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Fluconazole Disease Interactions

There are 4 disease interactions with fluconazole:

Major

Fluconazole (Includes Fluconazole) ↔ Hepatotoxicity

Severe Potential Hazard, Low plausibility

Applies to: Liver Disease

The use of fluconazole has been rarely associated with hepatotoxicity. Reversible idiosyncratic hepatitis, cholestasis and fatal fulminant hepatic failure have been reported, the latter occurring primarily in patients with serious underlying medical conditions and taking multiple concomitant medications. Liver function tests should be performed periodically in patients with preexisting hepatic abnormalities, particularly during prolonged therapy. Treatment should be withdrawn if persistent elevations or worsening of liver enzyme levels occur.

References

  1. Munoz P, Moreno S, Berenguer J, et al "Fluconazole-related hepatotoxicity in patients with acquired immunodeficiency syndrome." Arch Intern Med 151 (1991): 1020-1
  2. Wells C, Lever AM "Dose-dependent fluconazole hepatotoxicity proven on biopsy and rechallenge ." J Infect 24 (1992): 111-2
  3. Franklin IM, Elias E, Hirsch C "Fluconazole-induced jaundice." Lancet 336 (1990): 565
View all 10 references
Moderate

Azole Antifungals (Includes Fluconazole) ↔ Qt Prolongation

Moderate Potential Hazard, Moderate plausibility

Applies to: Long QT Syndrome, Arrhythmias

Most of the azole antifungals have been associated with prolongation of the QT interval. There have been postmarketing rare reports of QT prolongation, and torsade de pointes usually involving patients with risk factors such as structural heart disease, electrolyte abnormalities, and concomitant medications. These drugs should be administered with caution to patients with potentially proarrhythmic conditions. Concomitant use with other medications that have potential to increase the risk of cardiotoxicity should be avoided.

Moderate

Fluconazole (Includes Fluconazole) ↔ Hemodialysis

Moderate Potential Hazard, High plausibility

Applies to: hemodialysis

Fluconazole is substantially removed by hemodialysis. Plasma levels of fluconazole has been shown to reduce by 50% following 3 hours of dialysis. Fluconazole should be administered after hemodialysis.

References

  1. "Product Information. Diflucan (fluconazole)." Roerig Division, New York, NY.
  2. Toon S, Ross CE, Gokal R, Rowland M "An assessment of the effects of impaired renal function and haemodialysis on the pharmacokinetics of fluconazole." Br J Clin Pharmacol 29 (1990): 221-6
  3. Oono S, Tabei K, Tetsuka T, Asano Y "The pharmacokinetics of fluconazole during haemodialysis in uraemic patients." Eur J Clin Pharmacol 42 (1992): 667-70
Moderate

Fluconazole (Includes Fluconazole) ↔ Renal Dysfunction

Moderate Potential Hazard, High plausibility

Applies to: Renal Dysfunction

Fluconazole is primarily eliminated by the kidney. Patients with renal impairment may be at greater risk for adverse effects from fluconazole due to decreased drug clearance. Dosage adjustments are recommended for patients with moderate to severe renal impairment (CrCl <= 50 mL/min) receiving multiple doses of the drug.

References

  1. Debruyne D, Ryckelynck JP "Clinical pharmacokinetics of fluconazole." Clin Pharmacokinet 24 (1993): 10-27
  2. Toon S, Ross CE, Gokal R, Rowland M "An assessment of the effects of impaired renal function and haemodialysis on the pharmacokinetics of fluconazole." Br J Clin Pharmacol 29 (1990): 221-6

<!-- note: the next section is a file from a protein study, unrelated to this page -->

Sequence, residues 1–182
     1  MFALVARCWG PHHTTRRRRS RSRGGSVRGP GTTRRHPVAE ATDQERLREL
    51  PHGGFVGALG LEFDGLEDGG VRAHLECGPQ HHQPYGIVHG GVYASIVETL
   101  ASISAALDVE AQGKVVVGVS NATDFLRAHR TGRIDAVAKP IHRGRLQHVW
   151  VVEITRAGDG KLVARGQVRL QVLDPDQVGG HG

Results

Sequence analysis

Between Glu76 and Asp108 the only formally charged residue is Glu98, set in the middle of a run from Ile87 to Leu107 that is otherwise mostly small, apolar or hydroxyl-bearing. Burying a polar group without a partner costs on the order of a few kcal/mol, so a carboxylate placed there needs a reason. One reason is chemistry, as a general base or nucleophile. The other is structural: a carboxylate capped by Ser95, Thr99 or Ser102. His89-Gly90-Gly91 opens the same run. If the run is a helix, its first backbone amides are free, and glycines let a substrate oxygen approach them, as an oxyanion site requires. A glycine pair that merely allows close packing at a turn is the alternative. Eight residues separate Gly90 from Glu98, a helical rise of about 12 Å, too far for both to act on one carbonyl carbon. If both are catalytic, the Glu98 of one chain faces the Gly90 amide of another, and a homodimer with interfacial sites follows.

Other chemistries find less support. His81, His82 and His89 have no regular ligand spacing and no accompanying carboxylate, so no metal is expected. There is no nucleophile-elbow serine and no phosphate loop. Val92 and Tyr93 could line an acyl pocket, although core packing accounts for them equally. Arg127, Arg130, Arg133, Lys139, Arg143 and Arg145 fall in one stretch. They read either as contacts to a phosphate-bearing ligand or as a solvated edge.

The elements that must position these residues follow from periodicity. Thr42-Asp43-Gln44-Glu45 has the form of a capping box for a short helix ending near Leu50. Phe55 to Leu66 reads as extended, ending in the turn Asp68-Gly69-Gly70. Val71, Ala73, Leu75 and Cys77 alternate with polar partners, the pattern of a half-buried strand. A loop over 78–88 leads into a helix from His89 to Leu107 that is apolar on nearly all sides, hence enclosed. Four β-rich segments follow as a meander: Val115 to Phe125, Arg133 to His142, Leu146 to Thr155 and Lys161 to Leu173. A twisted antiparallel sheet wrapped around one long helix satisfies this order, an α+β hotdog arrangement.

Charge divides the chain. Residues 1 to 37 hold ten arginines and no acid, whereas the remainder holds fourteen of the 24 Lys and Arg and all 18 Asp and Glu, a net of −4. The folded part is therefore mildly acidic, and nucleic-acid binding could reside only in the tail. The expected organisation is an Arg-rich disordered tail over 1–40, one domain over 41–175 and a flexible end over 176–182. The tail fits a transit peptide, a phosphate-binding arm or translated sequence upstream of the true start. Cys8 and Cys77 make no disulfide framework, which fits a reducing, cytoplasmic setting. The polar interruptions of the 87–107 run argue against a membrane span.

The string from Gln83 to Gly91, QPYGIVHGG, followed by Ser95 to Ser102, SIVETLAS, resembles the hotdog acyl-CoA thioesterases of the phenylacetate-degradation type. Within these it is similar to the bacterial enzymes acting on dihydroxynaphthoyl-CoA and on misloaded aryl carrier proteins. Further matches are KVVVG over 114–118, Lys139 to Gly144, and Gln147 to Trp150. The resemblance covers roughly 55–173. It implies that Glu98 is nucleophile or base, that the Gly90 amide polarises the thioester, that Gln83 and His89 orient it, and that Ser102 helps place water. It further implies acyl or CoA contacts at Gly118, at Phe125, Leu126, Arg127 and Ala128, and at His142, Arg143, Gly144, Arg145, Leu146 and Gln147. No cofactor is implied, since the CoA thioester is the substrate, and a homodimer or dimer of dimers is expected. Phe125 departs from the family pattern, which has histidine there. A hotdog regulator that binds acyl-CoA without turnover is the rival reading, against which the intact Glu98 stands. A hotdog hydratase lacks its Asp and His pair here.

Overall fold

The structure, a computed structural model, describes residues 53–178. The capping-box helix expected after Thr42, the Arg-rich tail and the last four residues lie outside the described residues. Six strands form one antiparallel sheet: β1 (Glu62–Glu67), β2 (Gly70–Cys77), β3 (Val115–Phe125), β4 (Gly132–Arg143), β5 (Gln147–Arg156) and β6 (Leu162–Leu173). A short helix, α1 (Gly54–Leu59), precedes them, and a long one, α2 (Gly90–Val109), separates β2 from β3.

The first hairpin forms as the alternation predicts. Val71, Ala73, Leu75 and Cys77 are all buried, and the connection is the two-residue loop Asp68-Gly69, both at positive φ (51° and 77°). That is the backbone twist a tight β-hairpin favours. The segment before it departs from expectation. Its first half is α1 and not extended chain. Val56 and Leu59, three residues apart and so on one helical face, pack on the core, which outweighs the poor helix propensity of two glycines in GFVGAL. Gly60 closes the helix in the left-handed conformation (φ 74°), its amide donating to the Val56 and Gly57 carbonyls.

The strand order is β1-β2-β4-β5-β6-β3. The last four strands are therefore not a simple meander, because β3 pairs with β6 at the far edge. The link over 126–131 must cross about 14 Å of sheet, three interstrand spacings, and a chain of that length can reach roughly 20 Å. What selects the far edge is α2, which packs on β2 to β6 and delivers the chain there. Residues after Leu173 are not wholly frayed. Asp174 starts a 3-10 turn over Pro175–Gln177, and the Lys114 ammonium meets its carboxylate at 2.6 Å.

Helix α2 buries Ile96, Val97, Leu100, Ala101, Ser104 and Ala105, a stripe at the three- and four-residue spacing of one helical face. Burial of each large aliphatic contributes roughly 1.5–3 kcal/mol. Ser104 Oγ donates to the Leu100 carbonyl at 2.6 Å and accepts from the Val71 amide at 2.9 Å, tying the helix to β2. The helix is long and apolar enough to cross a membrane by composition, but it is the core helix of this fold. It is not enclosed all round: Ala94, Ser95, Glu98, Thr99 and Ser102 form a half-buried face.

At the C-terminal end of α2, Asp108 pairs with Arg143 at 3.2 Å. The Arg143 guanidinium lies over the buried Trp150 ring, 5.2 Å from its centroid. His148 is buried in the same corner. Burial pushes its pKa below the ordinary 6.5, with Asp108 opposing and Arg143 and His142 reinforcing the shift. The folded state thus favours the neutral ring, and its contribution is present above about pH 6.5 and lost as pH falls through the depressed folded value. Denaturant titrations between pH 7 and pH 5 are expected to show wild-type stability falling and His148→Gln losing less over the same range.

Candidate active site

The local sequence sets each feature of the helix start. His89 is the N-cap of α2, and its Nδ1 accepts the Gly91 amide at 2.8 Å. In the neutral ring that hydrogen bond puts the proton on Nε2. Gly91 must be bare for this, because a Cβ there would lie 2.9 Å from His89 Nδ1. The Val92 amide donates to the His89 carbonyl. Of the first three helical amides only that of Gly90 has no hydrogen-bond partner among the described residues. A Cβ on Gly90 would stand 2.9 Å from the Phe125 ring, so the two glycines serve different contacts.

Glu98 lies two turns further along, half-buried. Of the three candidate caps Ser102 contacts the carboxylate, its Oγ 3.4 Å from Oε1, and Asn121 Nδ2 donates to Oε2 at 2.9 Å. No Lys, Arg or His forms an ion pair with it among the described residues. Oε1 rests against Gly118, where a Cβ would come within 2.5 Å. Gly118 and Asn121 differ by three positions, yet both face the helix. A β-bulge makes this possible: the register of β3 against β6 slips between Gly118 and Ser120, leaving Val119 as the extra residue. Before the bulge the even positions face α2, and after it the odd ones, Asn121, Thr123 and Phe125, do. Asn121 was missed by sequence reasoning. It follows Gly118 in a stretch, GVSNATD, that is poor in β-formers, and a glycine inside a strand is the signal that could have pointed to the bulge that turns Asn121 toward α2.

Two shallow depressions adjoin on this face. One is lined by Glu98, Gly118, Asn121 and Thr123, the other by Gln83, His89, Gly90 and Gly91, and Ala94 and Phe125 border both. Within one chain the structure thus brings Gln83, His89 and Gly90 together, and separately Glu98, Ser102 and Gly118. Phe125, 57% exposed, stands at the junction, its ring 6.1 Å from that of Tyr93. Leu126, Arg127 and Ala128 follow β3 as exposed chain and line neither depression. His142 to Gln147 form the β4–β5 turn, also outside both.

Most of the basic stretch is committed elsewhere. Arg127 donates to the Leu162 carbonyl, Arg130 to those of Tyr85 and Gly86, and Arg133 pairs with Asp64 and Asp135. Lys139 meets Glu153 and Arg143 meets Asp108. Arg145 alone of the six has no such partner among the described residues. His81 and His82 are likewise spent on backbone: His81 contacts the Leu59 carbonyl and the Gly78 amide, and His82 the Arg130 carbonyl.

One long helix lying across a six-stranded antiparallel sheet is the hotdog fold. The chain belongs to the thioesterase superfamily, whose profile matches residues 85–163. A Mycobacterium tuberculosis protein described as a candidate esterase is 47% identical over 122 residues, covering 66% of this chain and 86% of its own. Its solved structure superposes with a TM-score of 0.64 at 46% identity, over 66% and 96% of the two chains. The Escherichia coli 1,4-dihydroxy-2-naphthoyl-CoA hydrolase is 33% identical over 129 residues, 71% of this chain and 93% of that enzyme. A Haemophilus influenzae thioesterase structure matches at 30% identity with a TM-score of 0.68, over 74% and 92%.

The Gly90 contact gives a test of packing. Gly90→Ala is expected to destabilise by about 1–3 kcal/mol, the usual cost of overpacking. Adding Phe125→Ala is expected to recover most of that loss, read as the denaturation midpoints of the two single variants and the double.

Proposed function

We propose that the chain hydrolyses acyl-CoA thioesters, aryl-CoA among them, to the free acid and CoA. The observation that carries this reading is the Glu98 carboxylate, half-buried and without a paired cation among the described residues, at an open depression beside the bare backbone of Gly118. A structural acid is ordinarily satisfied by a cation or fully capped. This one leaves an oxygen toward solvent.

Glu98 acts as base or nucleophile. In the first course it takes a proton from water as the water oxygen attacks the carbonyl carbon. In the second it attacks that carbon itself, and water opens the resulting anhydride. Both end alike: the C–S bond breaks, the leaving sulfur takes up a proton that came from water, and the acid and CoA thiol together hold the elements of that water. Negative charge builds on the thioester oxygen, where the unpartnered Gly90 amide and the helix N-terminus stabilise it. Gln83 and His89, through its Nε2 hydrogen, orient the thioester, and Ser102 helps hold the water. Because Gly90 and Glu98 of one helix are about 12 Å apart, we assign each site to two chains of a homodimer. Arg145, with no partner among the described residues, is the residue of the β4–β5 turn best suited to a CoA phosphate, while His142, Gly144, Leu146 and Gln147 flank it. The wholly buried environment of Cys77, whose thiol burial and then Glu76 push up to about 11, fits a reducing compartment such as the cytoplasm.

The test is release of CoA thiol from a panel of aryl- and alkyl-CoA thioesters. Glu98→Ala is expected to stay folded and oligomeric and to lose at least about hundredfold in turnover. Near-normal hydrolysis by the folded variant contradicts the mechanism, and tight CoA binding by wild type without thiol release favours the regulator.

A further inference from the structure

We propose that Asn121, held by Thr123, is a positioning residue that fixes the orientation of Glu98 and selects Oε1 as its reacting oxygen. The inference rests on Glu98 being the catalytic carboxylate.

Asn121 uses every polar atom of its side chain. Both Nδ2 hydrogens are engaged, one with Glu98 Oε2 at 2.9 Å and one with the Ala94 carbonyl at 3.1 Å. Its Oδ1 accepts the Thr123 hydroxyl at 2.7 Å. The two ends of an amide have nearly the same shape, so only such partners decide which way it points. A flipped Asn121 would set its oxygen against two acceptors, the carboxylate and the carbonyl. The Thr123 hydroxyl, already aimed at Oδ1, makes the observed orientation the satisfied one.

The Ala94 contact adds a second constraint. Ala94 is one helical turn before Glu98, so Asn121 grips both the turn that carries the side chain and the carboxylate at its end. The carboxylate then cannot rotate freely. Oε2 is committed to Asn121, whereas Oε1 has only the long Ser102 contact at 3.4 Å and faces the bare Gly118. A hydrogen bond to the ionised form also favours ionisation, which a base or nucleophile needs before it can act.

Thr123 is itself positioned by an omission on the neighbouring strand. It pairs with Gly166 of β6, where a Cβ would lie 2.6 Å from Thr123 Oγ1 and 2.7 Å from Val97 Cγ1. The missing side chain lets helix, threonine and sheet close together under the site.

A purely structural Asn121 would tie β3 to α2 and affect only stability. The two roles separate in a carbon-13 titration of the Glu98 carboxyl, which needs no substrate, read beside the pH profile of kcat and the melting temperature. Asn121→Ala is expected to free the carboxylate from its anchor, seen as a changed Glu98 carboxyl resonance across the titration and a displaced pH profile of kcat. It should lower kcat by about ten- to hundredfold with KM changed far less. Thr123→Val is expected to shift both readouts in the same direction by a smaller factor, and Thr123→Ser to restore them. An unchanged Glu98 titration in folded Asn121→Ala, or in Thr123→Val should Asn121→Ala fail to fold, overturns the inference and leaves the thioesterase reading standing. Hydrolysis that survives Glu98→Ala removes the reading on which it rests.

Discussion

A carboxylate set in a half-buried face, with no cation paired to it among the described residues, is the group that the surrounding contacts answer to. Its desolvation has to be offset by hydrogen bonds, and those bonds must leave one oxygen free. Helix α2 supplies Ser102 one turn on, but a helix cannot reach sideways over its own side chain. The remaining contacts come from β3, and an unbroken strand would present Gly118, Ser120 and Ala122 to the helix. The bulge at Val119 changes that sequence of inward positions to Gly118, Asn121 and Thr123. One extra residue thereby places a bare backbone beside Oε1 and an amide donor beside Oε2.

3. "Product Information. Diflucan (fluconazole)." Roerig Division, New York, NY.

fluconazole drug Interactions

There are 651 drug interactions with fluconazole

Drug Interaction Classification

The classifications below are a general guideline only. It is difficult to determine the relevance of a particular drug interaction to any individual given the large number of variables.

Major Highly clinically significant. Avoid combinations; the risk of the interaction outweighs the benefit.
Moderate Moderately clinically significant. Usually avoid combinations; use it only under special circumstances.
Minor Minimally clinically significant. Minimize risk; assess risk and consider an alternative drug, take steps to circumvent the interaction risk and/or institute a monitoring plan.

Do not stop taking any medications without consulting your healthcare provider.

Disclaimer: Every effort has been made to ensure that the information provided by Multum is accurate, up-to-date and complete, but no guarantee is made to that effect. In addition, the drug information contained herein may be time sensitive and should not be utilized as a reference resource beyond the date hereof. This material does not endorse drugs, diagnose patients, or recommend therapy. Multum's information is a reference resource designed as supplement to, and not a substitute for, the expertise, skill, knowledge, and judgement of healthcare practitioners in patient care. The absence of a warning for a given drug or combination thereof in no way should be construed to indicate that the drug or combination is safe, effective, or appropriate for any given patient. Multum Information Services, Inc. does not assume any responsibility for any aspect of healthcare administered with the aid of information Multum provides. Copyright 2000-2016 Multum Information Services, Inc. The information contained herein is not intended to cover all possible uses, directions, precautions, warnings, drug interactions, allergic reactions, or adverse effects. If you have questions about the drugs you are taking, check with your doctor, nurse, or pharmacist.

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